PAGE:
Wednesday, 6 January 2010

The Six Wives of Henry VIII - Antonia Fraser

As Fraser points out at the start of The Six Wives of Henry VIII, most people only know them by either the rhyme "divorced, beheaded, died... divorced, beheaded, survived" or by the female stereotypes attributed to them: "the Betrayed Wife, the Temptress, the Good Woman, the Ugly Sister, the Bad Girl and the Mother Figure." Fraser sets out to debunk myths and present an unbiased view of the six women who came to share Henry's life. Unlike other books of this nature, Henry is not focused on at all - we merely see glimpses of the man he is at the time of each of his marriages.

Fraser writes extremely sensitively about each of the six women - telling their tales from birth to death and using contemporary sources as far as possible. The research is impeccable and allows Fraser to consider many of the myths that have grown up around one or other of the wives and decide whether they might be true or not.

I loved the fact that each woman was presented as being courageous and spirited - they each had some good quality that Fraser explored in her quest to discover why that particular woman caught the eye of the king.

A great deal of learning can be achieved from this novel. For instance, I did not realise that it was Henry's desire for a male heir that drove him so thoroughly to move from woman to woman. I also was not aware of how he had each time lined up the successor to the queen he wanted to rid himself of. Again, it was new to me the fact that Henry was married to Catherine of Aragon for over 20 years, while the sum total of years of his other five marriages numbered just ten. It presents an entirely different view of Catherine - of a royal princess whom the king cast off reluctantly, but whom also did not go quietly.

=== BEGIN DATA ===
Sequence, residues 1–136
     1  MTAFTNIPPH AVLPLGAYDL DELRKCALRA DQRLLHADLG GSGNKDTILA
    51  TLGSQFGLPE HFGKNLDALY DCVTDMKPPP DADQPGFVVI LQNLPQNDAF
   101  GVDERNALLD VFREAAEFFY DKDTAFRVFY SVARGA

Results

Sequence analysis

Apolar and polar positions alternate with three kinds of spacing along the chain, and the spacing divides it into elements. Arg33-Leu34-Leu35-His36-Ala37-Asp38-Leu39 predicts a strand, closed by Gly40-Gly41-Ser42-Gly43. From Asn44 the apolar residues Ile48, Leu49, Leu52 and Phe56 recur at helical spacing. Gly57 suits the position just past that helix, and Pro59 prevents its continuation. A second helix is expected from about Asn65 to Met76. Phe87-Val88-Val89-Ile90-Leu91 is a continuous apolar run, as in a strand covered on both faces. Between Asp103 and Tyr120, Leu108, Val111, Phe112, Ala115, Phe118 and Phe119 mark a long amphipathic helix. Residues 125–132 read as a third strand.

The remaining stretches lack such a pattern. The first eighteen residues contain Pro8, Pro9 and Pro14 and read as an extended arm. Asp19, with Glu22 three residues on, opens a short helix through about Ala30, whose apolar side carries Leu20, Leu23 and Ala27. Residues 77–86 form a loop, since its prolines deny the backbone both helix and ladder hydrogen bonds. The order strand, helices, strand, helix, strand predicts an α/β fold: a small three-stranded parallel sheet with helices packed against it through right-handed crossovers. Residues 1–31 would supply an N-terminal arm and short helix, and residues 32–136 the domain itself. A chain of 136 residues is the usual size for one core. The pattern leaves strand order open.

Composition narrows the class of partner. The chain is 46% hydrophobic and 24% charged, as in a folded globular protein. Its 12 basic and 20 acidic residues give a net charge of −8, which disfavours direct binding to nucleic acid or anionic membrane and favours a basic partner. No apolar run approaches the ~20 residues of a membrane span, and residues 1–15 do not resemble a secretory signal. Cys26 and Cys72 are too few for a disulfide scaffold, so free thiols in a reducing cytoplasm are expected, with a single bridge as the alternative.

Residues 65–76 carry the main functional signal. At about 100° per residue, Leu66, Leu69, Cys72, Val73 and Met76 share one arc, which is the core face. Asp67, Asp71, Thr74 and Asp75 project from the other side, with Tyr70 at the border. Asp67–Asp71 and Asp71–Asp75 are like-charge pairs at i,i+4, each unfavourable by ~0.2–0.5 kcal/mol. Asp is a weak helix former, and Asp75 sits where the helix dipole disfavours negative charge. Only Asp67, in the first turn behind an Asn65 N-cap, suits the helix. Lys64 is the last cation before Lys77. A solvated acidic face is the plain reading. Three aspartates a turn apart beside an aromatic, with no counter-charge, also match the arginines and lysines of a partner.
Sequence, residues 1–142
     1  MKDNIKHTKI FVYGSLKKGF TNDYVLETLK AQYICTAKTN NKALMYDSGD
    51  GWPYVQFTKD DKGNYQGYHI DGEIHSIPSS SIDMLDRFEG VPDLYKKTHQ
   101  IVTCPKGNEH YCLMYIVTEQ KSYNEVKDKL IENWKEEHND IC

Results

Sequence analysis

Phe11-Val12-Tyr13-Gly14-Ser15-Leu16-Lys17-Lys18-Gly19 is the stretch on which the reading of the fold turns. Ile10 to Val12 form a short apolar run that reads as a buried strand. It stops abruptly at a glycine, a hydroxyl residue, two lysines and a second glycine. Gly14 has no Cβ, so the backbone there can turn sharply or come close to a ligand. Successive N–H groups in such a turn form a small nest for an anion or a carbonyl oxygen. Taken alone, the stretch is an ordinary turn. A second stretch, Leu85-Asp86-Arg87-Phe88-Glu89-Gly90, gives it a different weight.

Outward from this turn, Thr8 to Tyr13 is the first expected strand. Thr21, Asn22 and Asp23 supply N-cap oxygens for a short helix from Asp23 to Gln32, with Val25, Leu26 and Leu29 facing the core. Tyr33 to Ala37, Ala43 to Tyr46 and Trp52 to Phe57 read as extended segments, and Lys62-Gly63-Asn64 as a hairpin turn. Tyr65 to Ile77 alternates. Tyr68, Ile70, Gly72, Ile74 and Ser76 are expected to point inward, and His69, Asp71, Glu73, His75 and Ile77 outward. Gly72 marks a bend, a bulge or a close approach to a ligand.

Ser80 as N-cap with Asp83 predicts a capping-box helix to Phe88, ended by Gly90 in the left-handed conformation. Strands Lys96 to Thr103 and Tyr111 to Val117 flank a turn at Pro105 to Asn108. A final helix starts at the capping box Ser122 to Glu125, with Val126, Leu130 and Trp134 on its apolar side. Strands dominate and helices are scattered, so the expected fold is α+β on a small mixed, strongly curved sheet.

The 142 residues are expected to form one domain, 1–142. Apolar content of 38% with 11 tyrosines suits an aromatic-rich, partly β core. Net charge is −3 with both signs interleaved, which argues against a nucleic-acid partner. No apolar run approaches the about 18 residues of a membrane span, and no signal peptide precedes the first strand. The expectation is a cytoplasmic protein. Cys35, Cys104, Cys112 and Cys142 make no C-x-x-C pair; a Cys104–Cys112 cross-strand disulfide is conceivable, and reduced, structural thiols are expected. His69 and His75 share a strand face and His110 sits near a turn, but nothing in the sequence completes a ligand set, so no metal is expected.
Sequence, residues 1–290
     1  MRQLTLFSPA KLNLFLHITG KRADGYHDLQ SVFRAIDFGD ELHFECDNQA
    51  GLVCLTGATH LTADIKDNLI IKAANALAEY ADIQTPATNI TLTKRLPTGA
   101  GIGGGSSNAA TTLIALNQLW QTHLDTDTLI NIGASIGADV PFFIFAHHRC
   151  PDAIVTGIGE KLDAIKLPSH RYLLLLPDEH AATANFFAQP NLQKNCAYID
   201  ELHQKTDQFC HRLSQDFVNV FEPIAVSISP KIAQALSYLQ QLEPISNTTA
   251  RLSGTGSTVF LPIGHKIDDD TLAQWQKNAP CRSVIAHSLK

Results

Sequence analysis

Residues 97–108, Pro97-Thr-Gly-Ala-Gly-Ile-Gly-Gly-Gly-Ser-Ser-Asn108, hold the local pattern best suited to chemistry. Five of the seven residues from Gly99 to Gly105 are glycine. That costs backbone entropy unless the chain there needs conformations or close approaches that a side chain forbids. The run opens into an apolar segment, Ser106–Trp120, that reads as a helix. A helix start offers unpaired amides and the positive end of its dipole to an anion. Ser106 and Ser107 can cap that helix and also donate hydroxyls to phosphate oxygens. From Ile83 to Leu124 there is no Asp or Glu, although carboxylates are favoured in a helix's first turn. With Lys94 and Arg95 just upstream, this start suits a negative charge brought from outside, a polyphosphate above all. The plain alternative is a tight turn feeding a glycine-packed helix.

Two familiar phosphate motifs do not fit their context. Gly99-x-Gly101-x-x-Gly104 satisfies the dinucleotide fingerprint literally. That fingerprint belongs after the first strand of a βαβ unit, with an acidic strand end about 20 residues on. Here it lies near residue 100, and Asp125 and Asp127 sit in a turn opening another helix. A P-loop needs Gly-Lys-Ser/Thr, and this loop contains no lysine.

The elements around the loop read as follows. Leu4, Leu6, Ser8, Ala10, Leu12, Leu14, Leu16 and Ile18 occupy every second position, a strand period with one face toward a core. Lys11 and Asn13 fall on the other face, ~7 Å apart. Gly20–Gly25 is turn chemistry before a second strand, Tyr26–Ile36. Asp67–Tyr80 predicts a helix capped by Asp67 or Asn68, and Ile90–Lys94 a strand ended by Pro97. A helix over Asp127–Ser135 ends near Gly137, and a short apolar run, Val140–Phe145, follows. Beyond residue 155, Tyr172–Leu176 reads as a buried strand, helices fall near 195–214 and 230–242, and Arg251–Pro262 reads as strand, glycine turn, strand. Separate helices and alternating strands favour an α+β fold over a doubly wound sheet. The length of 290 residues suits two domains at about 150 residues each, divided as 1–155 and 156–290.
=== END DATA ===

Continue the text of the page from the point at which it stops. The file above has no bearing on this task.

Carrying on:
Another point that both amused and horrified was the reputation that Henry VIII (and, by extension, England) developed thanks to his mistreatment of wives. England was universally laughed and sneered at by the other countries in Europe, and it might well have caused many of the European princesses to be withheld from Henry for fear of how they might be treated (thereby changing the course of history?)

My one real fault of this book is its density. It is extremely well-written and as gripping as a non-fiction historical novel can be but there are still dry passages which take a while to read through. In addition, there are a great many notes that add to the reading but necessitate flicking back and forth within the book which disturbs the narrative flow.

I have great admiration for the fact that Fraser managed to present an impartial viewpoint on each of the six wives and strove to reach understanding as to their motives. I did come away from the book with a sneaking suspicion that she preferred Catherine of Aragon and decried the actions of Katherine Howard - it would be interesting to know if I had correctly identified her most and least favourite of the six wives.

There is a current trend at the moment (in fiction, led by Phillippa Gregory, and on television, including series by David Starkey) for exploring anew the Tudors and the "tyrant" who epitomises the lineage. This book should be read by anyone who has been interested in this period of history - in summary, it is a well-rounded and sympathetic look at the six wives of Henry VIII.

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